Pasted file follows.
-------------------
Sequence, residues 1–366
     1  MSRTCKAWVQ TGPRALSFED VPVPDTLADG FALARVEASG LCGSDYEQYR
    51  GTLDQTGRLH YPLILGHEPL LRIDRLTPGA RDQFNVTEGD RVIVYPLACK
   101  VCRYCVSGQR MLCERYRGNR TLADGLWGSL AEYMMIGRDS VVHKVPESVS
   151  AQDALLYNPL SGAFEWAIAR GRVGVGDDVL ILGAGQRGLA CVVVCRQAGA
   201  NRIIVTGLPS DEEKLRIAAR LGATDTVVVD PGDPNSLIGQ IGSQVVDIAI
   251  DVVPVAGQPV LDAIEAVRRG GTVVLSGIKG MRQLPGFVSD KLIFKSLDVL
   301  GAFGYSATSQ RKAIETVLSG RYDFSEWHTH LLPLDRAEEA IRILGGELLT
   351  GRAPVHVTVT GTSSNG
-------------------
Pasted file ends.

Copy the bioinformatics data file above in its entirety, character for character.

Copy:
Sequence, residues 1–366
     1  MSRTCKAWVQ TGPRALSFED VPVPDTLADG FALARVEASG LCGSDYEQYR
    51  GTLDQTGRLH YPLILGHEPL LRIDRLTPGA RDQFNVTEGD RVIVYPLACK
   101  VCRYCVSGQR MLCERYRGNR TLADGLWGSL AEYMMIGRDS VVHKVPESVS
   151  AQDALLYNPL SGAFEWAIAR GRVGVGDDVL ILGAGQRGLA CVVVCRQAGA
   201  NRIIVTGLPS DEEKLRIAAR LGATDTVVVD PGDPNSLIGQ IGSQVVDIAI
   251  DVVPVAGQPV LDAIEAVRRG GTVVLSGIKG MRQLPGFVSD KLIFKSLDVL
   301  GAFGYSATSQ RKAIETVLSG RYDFSEWHTH LLPLDRAEEA IRILGGELLT
   351  GRAPVHVTVT GTSSNG